Date Presented 04/02/2022

There is currently a lack of published research from practicing OTs. A mixed-methods study using a survey and interviews was conducted with practicing OTs. Three categories emerged from the data: clinicians’ reflections on practice-based evidence, needs for supporting engagement in case study research, and barriers. Findings demonstrate that additional support is needed for practicing OTs who want to contribute their clinical work to case study research.

Primary Author and Speaker: Mackenzi Slamka

Additional Authors and Speakers: Consuelo Kreider

There is an immense value to clinician-driven research, however, a lack of published research by practicing occupational therapists currently exists (Thomas & Law, 2013; Pighills et al, 2013). Practice-Based Evidence focuses on clinician expertise and client outlooks within the practice context to inform the development and use of evaluations and interventions by occupational therapists to support best outcomes for clients (Greber, 2021). Case Study Research showcases novel clinical interventions used by clinicians for a patient or small group of patients, why and how the interventions were used and the outcomes of the interventions for patients (Yin, 2009). Case Study Research is a feasible way in which practicing clinicians can contribute to the body of Practice-Based Evidence. The purpose of this study was to (1) gain understanding of practicing occupational therapy clinicians’ reflections, experiences, and interest in contributing to Practice-Based Evidence through Case Study Research and (2) Identify barriers and information needs of practicing occupational therapy clinicians wishing to engage in scholarship and dissemination of their clinical work through Case Study Research. A mixed-methods design was utilized for this study. Surveys were conducted via the University’s Qualtrics software and semi-structured interviews were conducted with practicing occupational therapists remotely via Teams or Zoom. This study was approved by the sponsoring institution’s Institutional Review Board (IRB202101748). Participants were occupational therapists currently practicing in the US. Inclusion Criteria were: (1) currently practicing, (2) fluent in English (written and verbal); COTAs were excluded from this study. Convenience and snowball sampling were used for recruitment. Recruitment was supported by the sponsoring institution’s Department of Occupational Therapy’s list of fieldwork coordinators and educators. One hundred twenty-five survey responses were received and nine individual interview were conducted. Duplicate and incomplete survey responses were removed prior to analysis, final dataset were 112 survey responses and nine transcripts. Quantitative data was analyzed using descriptive statistics on SPSS and Excel. Qualitative data was initially separated by question and then grouped into conceptual categories using NVivo software. Qualitative data were separated into conceptual categories that were (1) Clinicians’ Reflections on the Importance of Practice-Based Evidence, (2) Barriers to Participating in Research-Related Projects as a Clinician, and (3) Needs for Supporting Practitioners’ Engagement in Case Study Research. Almost 50% of all clinicians surveyed expressed interest in developing and disseminating case study research via conference presentation, peer reviewed journal article, or article in a practice periodical. Both interview and survey data indicate that mentorship is an important need to help support clinicians in engaging in case study research. Findings demonstrate that, despite interest in contributing to Practice-Based Evidence, there are educational gaps, limited supports, and specific information needs for practicing occupational therapists wishing to engage in scholarship and dissemination of their clinical work through case studies. Future projects will focus on the creation of resources such as a tool-kit or CEU course for practicing occupational therapists.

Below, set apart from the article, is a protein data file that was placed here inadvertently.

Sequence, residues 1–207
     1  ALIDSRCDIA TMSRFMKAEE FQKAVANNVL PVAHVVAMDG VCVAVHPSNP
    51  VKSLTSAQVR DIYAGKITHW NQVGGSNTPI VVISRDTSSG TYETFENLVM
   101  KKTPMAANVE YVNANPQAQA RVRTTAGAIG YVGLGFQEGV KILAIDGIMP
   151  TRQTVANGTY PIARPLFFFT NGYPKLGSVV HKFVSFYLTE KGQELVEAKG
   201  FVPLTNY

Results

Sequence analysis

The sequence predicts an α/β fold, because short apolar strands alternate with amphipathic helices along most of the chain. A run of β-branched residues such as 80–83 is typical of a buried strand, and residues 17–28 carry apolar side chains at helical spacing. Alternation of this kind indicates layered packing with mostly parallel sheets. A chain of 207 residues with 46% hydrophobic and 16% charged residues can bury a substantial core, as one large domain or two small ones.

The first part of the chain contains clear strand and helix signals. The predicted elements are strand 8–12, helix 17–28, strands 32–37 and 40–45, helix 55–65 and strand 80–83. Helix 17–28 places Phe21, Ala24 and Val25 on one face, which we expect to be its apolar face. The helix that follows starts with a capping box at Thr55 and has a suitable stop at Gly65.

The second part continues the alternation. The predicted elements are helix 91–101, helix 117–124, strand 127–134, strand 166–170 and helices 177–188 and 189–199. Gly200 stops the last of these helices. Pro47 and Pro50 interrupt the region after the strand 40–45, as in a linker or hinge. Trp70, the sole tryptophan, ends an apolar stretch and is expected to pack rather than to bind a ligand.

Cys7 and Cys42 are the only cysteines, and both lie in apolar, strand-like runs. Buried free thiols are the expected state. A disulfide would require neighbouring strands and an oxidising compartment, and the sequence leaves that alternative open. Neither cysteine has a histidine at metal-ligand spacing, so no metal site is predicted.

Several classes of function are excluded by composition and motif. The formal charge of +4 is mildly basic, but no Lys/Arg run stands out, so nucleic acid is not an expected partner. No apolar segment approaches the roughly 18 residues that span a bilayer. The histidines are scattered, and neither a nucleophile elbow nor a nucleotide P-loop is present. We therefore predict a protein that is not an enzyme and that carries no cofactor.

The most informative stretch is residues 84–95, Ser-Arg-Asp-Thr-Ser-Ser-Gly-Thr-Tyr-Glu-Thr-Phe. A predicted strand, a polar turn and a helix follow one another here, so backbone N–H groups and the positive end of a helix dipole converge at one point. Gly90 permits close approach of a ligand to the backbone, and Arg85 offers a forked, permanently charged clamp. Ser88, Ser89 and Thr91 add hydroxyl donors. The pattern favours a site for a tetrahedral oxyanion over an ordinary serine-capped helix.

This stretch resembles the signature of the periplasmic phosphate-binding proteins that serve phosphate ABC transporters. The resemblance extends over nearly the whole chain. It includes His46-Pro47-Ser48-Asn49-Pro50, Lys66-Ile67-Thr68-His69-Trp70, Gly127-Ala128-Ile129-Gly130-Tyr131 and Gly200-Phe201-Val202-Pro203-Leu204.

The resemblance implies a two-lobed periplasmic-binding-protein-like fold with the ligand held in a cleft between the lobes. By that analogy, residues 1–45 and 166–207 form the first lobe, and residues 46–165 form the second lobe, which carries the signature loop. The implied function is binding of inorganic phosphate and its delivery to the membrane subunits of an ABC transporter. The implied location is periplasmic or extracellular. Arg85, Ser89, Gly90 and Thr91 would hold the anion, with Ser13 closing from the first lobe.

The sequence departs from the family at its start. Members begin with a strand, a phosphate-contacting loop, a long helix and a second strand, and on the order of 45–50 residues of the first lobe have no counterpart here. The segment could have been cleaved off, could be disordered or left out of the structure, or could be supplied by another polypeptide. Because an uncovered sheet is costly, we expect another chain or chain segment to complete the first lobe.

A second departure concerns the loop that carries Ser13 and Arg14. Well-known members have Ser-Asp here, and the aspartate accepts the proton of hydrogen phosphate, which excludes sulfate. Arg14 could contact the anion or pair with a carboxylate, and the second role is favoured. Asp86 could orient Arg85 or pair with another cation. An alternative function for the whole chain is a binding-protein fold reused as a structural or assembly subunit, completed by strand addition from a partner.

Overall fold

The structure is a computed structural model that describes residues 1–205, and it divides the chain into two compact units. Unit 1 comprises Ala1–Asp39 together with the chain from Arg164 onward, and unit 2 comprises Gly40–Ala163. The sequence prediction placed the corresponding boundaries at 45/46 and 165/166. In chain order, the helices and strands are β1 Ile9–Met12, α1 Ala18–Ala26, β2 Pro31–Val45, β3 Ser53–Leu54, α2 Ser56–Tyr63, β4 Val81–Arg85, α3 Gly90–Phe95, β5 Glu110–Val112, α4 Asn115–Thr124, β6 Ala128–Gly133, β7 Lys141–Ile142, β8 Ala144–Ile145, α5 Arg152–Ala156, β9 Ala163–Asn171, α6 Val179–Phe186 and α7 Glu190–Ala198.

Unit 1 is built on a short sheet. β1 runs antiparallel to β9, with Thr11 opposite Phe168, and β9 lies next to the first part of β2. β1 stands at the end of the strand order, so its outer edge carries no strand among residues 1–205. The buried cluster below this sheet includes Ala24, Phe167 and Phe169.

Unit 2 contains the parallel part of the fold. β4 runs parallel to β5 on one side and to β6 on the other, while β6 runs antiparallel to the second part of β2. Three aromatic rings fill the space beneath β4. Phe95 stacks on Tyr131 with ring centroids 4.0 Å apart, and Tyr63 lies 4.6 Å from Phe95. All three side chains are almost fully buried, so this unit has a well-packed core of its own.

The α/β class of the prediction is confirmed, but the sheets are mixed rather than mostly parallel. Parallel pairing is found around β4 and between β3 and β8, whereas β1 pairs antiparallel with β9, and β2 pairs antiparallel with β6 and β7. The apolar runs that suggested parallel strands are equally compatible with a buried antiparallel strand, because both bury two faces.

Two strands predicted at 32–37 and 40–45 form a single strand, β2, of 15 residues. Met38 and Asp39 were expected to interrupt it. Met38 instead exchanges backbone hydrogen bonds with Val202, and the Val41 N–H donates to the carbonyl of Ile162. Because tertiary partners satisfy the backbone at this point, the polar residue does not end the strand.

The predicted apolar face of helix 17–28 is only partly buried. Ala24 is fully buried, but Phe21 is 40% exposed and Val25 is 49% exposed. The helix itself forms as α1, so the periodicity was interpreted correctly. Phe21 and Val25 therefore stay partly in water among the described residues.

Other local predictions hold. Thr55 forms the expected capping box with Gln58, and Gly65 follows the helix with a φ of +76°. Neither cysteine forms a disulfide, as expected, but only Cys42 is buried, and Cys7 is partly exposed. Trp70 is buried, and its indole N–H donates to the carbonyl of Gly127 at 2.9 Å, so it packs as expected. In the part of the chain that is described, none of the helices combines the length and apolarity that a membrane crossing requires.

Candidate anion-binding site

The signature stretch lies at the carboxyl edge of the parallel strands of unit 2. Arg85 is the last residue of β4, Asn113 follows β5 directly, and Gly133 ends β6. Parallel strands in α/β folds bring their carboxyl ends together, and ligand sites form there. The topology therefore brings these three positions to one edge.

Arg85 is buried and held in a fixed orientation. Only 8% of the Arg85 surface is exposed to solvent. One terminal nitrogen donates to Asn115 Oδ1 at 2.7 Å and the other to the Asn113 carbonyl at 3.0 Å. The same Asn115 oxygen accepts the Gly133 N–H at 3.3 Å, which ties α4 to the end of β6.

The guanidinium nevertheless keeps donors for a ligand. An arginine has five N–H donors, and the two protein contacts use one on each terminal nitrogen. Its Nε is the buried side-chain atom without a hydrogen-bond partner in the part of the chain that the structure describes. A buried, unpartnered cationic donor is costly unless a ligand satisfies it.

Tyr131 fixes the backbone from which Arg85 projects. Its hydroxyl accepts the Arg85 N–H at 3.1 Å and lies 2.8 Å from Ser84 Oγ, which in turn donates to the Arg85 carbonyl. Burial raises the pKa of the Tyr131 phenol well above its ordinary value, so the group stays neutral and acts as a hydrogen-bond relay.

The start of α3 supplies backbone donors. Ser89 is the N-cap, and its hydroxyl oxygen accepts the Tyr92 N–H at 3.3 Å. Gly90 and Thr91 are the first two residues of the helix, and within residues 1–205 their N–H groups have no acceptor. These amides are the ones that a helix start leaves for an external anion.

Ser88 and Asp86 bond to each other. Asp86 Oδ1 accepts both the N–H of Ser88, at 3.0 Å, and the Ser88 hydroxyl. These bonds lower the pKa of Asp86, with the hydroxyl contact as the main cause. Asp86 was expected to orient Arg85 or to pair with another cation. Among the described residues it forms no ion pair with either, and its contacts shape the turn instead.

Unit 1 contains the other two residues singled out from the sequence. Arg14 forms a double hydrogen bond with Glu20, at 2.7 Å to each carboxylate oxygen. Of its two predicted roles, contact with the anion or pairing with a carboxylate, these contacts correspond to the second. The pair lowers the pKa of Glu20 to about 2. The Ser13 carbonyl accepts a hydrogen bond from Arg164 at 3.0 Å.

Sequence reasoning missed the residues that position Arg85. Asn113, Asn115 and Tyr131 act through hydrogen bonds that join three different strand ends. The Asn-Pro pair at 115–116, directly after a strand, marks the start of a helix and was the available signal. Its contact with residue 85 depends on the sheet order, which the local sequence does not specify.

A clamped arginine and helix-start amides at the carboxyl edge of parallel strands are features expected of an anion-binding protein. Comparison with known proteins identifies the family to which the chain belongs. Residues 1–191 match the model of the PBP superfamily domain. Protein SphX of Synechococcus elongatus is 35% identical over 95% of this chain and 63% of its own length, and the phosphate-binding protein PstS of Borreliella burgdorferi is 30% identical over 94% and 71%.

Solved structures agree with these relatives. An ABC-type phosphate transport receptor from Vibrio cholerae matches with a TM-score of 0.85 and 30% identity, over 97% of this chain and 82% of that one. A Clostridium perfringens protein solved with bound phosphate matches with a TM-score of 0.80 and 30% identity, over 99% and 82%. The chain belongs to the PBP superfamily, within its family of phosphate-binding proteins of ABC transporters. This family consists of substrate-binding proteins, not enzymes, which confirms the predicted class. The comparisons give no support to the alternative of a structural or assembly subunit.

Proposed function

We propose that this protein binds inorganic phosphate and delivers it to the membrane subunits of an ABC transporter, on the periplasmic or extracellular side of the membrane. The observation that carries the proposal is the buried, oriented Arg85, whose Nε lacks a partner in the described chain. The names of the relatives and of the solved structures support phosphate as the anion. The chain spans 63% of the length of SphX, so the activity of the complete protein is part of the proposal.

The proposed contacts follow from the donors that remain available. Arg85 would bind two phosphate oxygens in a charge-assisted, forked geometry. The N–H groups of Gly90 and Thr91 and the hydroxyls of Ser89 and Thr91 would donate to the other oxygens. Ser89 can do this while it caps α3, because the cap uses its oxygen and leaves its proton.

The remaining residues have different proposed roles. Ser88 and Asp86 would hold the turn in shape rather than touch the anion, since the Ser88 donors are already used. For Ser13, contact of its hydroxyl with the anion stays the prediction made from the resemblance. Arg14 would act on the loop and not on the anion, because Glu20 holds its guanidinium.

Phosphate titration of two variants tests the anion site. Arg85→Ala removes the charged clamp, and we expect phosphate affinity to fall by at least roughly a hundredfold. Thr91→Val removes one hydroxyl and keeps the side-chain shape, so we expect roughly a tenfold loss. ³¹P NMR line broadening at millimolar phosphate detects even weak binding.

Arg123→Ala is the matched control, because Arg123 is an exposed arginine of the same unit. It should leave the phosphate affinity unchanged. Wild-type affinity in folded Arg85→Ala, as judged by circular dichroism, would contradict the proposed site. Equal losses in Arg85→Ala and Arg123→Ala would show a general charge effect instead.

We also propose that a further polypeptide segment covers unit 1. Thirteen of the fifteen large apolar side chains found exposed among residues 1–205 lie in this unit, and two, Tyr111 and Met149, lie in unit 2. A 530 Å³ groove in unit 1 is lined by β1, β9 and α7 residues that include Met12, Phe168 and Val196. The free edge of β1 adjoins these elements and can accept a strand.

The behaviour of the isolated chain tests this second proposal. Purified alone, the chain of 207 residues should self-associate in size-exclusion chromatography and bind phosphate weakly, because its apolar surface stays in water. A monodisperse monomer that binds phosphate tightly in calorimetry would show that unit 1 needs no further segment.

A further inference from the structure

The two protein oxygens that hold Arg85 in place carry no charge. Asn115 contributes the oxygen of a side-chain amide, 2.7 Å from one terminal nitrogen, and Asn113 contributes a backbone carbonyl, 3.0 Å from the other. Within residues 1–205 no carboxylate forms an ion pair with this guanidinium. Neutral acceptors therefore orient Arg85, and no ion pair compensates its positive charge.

IMPACT STATEMENT: Additional supports and resources are warranted to support case study research from OT clinicians. This study gives preliminary information which can help initiate distribution of information for practicing clinicians who are interested in sharing their clinical work.


Thomas, A., & Law, M. (2013). Research utilization and evidence-based practice in occupational therapy: a scoping study. American Journal of Occupational Therapy, 67(4), e55-e65.

Pighills, A. C., Plummer, D., Harvey, D., & Pain, T. (2013). Positioning occupational therapy as a discipline on the research continuum: Results of a cross-sectional survey of research experience. Australian Occupational Therapy Journal, 60(4), 241-251.

Greber, C. (2021). Critical Appraisal of Practice Evidence: A Professional Imperative for Occupational Therapy. New Zealand Journal of Occupational Therapy, 68(1).

Yin, R. K. (2009). Case study research: Design and methods (Vol. 5). sage.